A farming bright spot: two recent land matches on Farm to Farmer
The pandemic that has swept our region, nation and globe has continued to put enormous pressure on local food growers. Limited access to markets and challenging working conditions combined with an increased interest in food security has pushed farmers to work harder than ever to produce food for our communities.
For farmers who didn’t come to the profession with generational wealth, community connections, or social privilege, navigating the farming system in this moment is even more challenging. That’s why we are thrilled to share a farming bright spot: two recent land matches made with the support of the Farm to Farmer program.
Kenyan immigrants and owners of Faithbeyond Farm expand their farm business to Skagit County
Elizabeth Mugeche and Francis Ndishu have been practicing organic agriculture for the last seven years. After training at Tilth Alliance‘s (formerly Seattle Tilth) Incubator Program for five years, the couple began leasing land on Shared Soil in Enumclaw, where they specialize in mixed vegetables.
For years, Elizabeth and Francis have had their eyes on the Skagit Valley and its sandy loam soils, as they grow many root and winter storage crops. Earlier this year, the couple connected with landowners Kimi and Jake Schell through Farm to Farmer with the help of Skagit-based program coordinator Anna Chotzen, and now call the land their home farm.
“We are so grateful to be connected with farm owners Jake and Kimi Schell,” said Elizabeth. “They have the perfect sized farm in the most ideal location.” Kimi, a chef and staff member at Viva Farms, told us that she is excited to see what Elizabeth and Francis produce on this new land, and hopes to source product from them for her farm dinners in the future.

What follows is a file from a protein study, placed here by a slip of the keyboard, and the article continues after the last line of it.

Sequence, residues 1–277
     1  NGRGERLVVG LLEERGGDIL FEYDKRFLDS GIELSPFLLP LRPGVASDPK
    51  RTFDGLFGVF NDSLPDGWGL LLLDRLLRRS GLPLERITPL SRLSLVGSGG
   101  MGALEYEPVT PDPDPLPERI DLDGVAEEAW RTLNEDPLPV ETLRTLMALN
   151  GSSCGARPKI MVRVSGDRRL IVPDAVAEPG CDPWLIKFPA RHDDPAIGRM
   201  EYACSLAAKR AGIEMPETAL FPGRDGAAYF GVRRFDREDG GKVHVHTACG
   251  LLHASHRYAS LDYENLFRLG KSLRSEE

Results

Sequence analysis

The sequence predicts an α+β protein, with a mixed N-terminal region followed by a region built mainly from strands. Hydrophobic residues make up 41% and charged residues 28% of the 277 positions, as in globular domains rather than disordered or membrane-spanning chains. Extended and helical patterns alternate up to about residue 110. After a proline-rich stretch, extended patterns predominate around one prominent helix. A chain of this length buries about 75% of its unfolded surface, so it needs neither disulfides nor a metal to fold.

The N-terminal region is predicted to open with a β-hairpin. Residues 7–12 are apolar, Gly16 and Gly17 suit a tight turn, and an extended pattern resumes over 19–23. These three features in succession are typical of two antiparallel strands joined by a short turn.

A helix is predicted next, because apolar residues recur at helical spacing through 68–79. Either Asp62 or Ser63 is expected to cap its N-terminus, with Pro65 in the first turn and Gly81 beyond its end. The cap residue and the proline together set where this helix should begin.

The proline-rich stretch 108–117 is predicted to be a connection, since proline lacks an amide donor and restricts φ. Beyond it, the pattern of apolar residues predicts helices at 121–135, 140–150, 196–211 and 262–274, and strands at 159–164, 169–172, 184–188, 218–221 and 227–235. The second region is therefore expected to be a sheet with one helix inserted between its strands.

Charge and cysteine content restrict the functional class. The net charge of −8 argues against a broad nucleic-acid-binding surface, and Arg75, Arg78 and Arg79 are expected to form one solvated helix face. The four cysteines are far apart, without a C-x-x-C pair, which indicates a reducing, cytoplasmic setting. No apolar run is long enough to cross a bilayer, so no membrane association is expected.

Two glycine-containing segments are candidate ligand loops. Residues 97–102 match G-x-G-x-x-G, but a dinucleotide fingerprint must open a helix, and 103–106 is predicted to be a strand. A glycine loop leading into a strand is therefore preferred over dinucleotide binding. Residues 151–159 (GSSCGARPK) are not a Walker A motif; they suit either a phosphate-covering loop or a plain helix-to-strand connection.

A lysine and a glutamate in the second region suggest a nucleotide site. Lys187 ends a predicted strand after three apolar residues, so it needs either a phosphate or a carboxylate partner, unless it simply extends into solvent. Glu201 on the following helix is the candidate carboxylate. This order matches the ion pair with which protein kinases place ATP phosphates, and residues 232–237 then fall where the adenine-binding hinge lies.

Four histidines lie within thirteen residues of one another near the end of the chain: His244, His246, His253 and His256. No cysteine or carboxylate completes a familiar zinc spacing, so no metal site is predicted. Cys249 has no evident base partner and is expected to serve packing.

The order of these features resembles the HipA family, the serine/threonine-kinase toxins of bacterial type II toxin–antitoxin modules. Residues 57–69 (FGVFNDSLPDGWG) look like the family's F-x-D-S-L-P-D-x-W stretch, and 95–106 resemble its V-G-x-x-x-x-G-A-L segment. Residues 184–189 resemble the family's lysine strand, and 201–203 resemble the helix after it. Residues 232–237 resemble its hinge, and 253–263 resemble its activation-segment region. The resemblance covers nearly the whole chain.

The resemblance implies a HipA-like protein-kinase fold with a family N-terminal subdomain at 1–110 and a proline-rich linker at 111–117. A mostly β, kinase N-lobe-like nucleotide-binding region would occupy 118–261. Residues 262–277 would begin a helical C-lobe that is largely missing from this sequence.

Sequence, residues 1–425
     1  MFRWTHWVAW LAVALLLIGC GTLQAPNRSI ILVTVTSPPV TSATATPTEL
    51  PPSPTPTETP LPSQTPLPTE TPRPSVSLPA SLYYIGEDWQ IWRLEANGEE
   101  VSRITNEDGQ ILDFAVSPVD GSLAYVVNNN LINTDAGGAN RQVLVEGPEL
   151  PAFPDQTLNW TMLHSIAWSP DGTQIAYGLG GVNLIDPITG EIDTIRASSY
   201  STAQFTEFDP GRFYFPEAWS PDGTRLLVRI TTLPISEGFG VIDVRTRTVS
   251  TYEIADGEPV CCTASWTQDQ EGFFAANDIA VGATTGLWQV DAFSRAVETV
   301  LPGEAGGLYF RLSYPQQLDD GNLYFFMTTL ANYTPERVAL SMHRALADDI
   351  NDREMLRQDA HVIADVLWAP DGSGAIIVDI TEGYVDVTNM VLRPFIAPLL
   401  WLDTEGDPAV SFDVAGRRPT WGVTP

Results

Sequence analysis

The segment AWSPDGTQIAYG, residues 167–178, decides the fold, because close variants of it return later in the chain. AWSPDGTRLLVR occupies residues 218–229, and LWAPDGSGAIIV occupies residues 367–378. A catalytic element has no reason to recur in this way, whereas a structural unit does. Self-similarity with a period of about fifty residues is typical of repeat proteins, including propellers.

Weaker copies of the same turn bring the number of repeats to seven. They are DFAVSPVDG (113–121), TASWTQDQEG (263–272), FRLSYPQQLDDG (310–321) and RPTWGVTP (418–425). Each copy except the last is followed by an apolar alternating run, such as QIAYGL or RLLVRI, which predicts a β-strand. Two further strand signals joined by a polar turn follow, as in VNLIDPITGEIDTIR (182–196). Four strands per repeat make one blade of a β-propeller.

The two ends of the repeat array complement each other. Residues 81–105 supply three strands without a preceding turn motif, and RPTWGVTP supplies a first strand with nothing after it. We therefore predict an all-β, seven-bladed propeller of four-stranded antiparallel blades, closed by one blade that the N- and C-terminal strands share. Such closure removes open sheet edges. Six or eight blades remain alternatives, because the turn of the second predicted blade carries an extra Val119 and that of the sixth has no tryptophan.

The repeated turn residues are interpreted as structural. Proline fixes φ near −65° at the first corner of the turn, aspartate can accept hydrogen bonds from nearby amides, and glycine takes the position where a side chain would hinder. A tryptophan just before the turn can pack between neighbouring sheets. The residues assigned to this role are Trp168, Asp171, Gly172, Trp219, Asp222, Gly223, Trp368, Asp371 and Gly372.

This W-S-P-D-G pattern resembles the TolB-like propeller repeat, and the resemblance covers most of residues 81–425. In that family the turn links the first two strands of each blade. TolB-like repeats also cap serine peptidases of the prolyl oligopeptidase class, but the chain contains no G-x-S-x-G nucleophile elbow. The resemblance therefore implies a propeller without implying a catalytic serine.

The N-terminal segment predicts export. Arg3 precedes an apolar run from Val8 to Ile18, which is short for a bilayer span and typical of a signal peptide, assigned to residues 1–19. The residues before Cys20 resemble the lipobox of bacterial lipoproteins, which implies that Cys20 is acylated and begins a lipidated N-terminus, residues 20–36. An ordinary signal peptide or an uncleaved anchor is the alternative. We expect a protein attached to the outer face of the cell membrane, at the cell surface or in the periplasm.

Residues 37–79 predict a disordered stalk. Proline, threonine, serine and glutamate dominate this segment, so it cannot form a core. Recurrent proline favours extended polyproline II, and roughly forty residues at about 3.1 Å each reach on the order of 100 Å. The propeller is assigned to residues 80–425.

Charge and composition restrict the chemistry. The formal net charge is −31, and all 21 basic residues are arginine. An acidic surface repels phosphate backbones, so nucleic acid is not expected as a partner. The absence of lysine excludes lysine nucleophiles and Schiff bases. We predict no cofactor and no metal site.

Pierce Conservation District’s Farm Foundations program brings incubator plots to Pierce County
In addition to serving farmers looking for land to expand their operations and landowners aiming to make their land available for lease or purchase, Farm to Farmer also supports organizations looking for land or farmers to support their incubator or ag park programs.
With the help of Pierce-based Farm to Farmer coordinator Amy Moreno-Sills, Pierce Conservation District’s Farm Foundations program signed a lease at Washington State University’s Goss Farm in Puyallup earlier this year. The Conservation District will spend the 2020 growing season planting cover crops and improving irrigation systems on this new property, and once the soil is ready, small plots will be available for Farm Foundations graduates and others to use to incubate their farm businesses.
Farm Foundations is designed to give participants a full season of free farm internship experience without a full-time commitment, combining classroom learning with hands on skills-building.
“We’ve been so happy to work with Amy from the Farm to Farmer program,” said Madeleine Spencer of Pierce Conservation District. “With her support, we were able to secure a lease for four acres with the goal of developing a farm incubator program. Amy has been a helpful resource for all of our technical questions and I know I can reach out to her for ongoing support.”